5. A compact high delity phonograph which comprises a lower box section having a bottom and side walls, an upper cover section hinged to said box section and forming a tight iit therewith in the closed position, the cover section being in its closed position during normal phonograph operation, a record turntable and associated electromechanical pickup mounted on a supporting base plate, narrow supporting brackets extending around a portion only of the inner periphery of said side walls, resilient mounting means supporting said base plate substantially horizontally on said supporting brackets with clearance therebetween, a plurality of electroacoustic direct-radiating loudspeakers mounted on opposite side walls of said box section with at least a major portion thereof below the plane of said base plate, said brackets not extending along the portions lof said base plate adjacent `said loudspeakers, an electronic amplier mounted -in said box section below said base plate and connected between said pickup and said loudspeakers, and an open space between said base plate land side Walls around sub* stantially the entire periphery thereof whereby the volurnes both above and below said base plate form a closed acoustic chamber for the back radiation of said loudspeakers, said box and cover sections being unitary and substantially imperforate to the exterior except for openings registered with the fronts of said loudspeakers.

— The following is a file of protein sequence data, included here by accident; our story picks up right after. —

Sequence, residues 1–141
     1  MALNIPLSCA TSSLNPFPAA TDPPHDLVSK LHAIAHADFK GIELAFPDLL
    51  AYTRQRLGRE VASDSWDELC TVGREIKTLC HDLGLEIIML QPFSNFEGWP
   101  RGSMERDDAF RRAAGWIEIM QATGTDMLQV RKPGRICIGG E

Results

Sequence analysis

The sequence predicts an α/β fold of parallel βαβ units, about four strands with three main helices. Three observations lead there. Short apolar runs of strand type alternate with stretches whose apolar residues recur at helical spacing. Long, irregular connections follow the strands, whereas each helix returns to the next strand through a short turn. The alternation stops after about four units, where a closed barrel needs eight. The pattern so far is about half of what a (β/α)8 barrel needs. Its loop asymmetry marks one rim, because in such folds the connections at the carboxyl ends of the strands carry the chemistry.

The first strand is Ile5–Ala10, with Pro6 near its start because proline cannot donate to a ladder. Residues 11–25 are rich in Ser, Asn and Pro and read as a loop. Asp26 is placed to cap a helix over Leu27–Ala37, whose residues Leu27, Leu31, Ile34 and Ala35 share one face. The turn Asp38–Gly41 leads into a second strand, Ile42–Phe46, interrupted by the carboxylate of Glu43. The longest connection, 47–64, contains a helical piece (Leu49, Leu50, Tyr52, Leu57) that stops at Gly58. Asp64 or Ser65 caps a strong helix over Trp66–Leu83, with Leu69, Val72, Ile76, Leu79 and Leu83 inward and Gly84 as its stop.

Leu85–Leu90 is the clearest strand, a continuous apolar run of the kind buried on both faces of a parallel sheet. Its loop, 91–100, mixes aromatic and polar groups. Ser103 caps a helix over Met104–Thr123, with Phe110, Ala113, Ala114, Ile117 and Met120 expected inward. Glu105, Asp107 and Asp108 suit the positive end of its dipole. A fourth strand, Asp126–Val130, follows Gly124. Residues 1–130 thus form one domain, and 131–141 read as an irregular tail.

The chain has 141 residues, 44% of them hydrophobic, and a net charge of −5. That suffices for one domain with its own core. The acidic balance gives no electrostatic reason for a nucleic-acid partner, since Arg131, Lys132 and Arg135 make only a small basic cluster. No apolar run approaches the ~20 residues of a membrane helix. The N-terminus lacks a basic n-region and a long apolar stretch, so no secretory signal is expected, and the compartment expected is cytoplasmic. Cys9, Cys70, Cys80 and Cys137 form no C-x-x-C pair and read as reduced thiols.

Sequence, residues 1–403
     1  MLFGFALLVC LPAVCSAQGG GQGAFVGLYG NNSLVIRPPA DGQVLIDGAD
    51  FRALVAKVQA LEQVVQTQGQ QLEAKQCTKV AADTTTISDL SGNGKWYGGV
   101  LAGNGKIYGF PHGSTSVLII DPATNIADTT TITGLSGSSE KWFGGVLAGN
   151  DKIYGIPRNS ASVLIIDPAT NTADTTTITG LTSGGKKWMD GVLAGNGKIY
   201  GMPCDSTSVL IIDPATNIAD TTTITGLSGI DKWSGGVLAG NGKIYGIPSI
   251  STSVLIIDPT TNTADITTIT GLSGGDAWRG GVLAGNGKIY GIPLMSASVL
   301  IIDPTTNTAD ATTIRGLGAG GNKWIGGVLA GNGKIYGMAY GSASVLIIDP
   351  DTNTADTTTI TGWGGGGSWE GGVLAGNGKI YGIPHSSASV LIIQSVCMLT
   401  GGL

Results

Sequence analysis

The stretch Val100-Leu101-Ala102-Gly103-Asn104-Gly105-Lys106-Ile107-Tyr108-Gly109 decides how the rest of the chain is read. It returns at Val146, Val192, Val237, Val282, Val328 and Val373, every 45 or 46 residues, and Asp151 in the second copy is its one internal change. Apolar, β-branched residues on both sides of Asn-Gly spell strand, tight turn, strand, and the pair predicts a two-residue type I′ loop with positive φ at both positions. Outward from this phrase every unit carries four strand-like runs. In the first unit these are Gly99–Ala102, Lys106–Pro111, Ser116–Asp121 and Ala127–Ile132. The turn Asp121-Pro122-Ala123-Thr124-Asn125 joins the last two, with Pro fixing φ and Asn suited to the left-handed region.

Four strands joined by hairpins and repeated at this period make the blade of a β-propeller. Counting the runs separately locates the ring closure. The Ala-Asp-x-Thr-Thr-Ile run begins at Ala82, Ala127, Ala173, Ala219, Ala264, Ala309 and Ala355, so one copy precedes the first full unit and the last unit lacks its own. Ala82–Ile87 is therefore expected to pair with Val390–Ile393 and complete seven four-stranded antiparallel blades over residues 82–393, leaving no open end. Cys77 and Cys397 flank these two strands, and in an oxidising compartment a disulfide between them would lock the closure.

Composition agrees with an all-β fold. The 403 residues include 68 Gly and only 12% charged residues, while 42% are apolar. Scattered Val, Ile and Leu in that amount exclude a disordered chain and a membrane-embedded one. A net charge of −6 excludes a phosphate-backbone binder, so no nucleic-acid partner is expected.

6. A compact high delity phonograph which comprises a lower box section having a bottom and side walls, an upper cover section hinged to said box section and forming a tight tit therewith in the closed position, the cover section being in its closed position during normal phonograph operation, a record turntable and associated electromechanical pickup mounted on a supporting base plate, narrow supporting brackets aixed to the side walls of said box section and extending along not more than about percent of the periphery thereof, resilient mounting means supporting said base plate substantially horizontally on said supporting brackets with vertical cle-arance therebetween, a plurality of electroacoustic direct-radiating loudspeakers mounted on opposite side walls of said box section with at least a major portion thereof below the plane of said base plate, said brackets not extending along the portions of said base plate adjacent said loudspeakers, an electronic amplier mounted in said box section below said base plate and connected between said pickup and said loudspeakers, and an open space between said b-ase plate and side walls around substantially the entire periphery thereof whereby the volumes both above and below said bas-e plate form a closed acoustic chamber for the back radiation of said loudspeakers, said box and cover sections being unitary and substantially imperforate to the exterior except for openings registered with the fronts of said loudspeakers.